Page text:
Reading yet another profound post from The Curious Wavefunction, I got to thinking about the notion of intuition in science. In that particular essay, Curious explored the nature of intuition in chemistry, which started off from a remark that "in chemistry, intuition is much more important than in physics." It's a common position to take as mathematics is so integral to physics, such that even Riemmanian geometry can be co-opted into a description of gravity.
However, I want to hone a little bit more into exactly where intuition ends and mathematics takes on a life of its own. I think the particular quality we are looking is not simply the use of mathematics – the best quantum-mechanical chemists are as formidably mathematical as the best physicists. The key to mathematizing a scientific discipline (especially in physics) is the happy accident of finding tractable mathematical equations that admits of reliable first order approximations. Newtonian mechanics comes to mind where the first order solution of ellipsoidal orbits of the planets is rather straightforward, and later refinements comes at increasingly higher costs in the calculation.
It is somewhat accidental when this occurs. Quantum mechanics would not have had the explosive impact it had in the 1920's were it not for the fact that the solution of the electron spectra in the hydrogen atom comes out so easily from the first order approximation of Schrödinger's equation using the very familiar inverse square potential. However, things get messy very quickly as we add the number of atoms to the system. It took decades to find a good solution to higher number of atoms, which resulted in the wonderfully baroque but powerful methods of density functional theory.
One of the reasons that physics seems to be dominated by beautiful mathematical models that are reasonably easy to calculate, is simply that these are exactly the models that physics professors the world over has chosen to teach in the first few years of a physics course – statistical mechanics of simple gases, quantum mechanics of single atoms, and even the first order solutions of quantum electrodynamics (the relativistic generalization of quantum mechanics). Compared to the first order solution, the 8th order solution of quantum electrodynamics for the value of the fine-structure constant requires a dizzying calculation that involved summing 891 terms as represented by the feynmann diagram expansion of the equation. It's not even verified by hand, but by a computerized algorithm.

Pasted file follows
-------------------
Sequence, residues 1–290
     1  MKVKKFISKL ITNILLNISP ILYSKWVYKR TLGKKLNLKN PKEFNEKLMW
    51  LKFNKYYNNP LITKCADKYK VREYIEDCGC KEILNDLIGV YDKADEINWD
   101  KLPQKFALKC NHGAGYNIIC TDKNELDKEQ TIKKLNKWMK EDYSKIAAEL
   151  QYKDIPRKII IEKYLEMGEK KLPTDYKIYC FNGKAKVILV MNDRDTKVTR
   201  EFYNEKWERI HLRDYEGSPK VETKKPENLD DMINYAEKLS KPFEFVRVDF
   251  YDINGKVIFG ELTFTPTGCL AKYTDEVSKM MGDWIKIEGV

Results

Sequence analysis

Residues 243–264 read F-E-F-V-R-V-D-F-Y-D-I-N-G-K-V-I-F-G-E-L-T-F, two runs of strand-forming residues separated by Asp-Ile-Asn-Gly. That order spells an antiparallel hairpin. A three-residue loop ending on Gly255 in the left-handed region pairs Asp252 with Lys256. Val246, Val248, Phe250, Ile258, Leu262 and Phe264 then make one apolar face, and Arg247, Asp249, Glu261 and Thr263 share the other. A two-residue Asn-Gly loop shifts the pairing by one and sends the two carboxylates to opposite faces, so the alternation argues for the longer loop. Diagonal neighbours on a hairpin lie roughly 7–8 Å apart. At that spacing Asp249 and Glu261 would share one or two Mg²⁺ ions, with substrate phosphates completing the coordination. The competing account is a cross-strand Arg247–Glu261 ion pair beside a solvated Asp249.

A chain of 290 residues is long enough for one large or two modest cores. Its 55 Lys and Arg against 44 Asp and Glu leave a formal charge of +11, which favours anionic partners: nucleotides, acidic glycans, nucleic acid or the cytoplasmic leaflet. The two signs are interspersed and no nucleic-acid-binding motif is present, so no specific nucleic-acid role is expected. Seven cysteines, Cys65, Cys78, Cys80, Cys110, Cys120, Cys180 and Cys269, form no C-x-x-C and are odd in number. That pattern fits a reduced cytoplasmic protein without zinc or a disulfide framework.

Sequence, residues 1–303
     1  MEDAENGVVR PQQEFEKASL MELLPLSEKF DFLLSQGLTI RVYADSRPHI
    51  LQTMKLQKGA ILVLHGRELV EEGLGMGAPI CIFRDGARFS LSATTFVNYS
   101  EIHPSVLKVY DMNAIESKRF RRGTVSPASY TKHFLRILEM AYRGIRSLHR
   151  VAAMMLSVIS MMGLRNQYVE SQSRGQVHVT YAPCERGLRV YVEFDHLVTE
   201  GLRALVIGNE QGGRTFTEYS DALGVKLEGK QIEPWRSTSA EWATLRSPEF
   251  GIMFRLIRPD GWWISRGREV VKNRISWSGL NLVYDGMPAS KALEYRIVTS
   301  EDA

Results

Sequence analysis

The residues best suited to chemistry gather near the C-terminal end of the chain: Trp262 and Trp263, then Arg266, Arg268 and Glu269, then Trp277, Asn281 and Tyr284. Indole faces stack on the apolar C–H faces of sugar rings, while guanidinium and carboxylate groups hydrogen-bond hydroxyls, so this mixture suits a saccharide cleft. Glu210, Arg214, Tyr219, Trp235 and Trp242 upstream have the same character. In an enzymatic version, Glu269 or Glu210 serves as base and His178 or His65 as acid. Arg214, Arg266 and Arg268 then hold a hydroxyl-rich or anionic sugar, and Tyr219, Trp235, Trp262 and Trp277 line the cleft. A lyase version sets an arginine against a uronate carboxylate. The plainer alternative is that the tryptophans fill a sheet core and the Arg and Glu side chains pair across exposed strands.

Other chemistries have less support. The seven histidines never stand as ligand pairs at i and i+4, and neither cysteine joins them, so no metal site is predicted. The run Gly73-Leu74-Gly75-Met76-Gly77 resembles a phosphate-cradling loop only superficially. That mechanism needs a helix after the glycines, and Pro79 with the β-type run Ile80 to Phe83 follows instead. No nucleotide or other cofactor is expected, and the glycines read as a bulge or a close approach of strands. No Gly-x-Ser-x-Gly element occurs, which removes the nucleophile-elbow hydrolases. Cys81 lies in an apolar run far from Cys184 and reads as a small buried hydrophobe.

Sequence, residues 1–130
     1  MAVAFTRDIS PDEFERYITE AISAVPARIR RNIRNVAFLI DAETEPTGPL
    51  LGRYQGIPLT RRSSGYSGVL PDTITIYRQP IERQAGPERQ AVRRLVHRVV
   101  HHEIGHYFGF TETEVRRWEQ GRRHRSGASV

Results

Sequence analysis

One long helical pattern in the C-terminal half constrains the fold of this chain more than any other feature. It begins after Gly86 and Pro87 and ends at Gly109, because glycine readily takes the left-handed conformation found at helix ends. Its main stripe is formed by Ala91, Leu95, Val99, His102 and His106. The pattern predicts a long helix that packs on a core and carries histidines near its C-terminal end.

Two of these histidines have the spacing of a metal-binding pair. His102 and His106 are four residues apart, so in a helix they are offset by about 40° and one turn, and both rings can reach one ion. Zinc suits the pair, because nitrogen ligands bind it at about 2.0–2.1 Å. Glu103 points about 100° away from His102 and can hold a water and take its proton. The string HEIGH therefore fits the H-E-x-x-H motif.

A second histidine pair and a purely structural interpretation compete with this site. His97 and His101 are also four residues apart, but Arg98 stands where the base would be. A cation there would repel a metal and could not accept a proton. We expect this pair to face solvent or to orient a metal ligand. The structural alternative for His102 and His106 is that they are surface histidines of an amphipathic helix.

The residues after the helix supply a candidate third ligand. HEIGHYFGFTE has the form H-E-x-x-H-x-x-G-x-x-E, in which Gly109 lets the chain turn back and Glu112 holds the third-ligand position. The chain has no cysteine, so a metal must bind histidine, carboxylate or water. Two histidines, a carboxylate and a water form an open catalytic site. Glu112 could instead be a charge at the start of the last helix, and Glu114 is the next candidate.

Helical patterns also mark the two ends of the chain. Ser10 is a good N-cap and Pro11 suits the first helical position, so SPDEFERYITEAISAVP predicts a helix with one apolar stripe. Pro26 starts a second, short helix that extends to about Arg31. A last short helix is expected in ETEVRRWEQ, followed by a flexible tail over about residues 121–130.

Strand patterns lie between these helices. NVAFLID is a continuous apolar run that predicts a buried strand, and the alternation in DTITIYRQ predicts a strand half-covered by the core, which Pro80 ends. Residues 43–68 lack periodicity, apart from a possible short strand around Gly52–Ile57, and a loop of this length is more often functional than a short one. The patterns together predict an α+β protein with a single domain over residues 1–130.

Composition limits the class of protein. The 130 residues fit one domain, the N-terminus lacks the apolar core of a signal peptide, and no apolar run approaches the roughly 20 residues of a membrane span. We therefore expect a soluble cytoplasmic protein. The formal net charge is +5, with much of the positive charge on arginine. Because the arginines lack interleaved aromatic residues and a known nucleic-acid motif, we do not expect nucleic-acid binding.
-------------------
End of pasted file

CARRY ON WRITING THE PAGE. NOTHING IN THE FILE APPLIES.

What physics professors don't teach you until later are the systems that do not have easy to calculate solutions, nor approximate solutions that match reality. And we are not talking about trivial or esoteric system. I didn't notice until much later in my physics education that you first learn about electrons and protons in atoms, but then skip right over the energies of the nucleus, and go straight to sub-atomic particles. There's a very good reason to that. We have a really crap model of the nucleus. In fact we have two, and both are kind of shit – the liquid drop model and the nuclear shell model. No one has been able to find a simple mathematical model of these models, or the ones that are calculable give some good answers and many bad ones. People who specifically want to work with nuclei energies rely on their intuition as much as chemists because no beautifully tractable or reliable mathematical model was ever found.
Similarly, we skip over fluid dynamics where the equations are simply unsolvable, and the Ising model of magnetic materials, where the great Onsager found a solution in 2D but the proof is some hair-raising mathematics that is beyond almost all undergraduates.
In conclusion, all I want to add to Curious's post is that chemist rely on their intuition specifically because the mathematics in quantum chemistry does not admit easily solvable equations, or reliable low-order approximations. The intuition is needed simply because a useful mathematical solution is not tractable. Similar problems plague many sub-disciplines in physics but the physicists have a much better PR machine.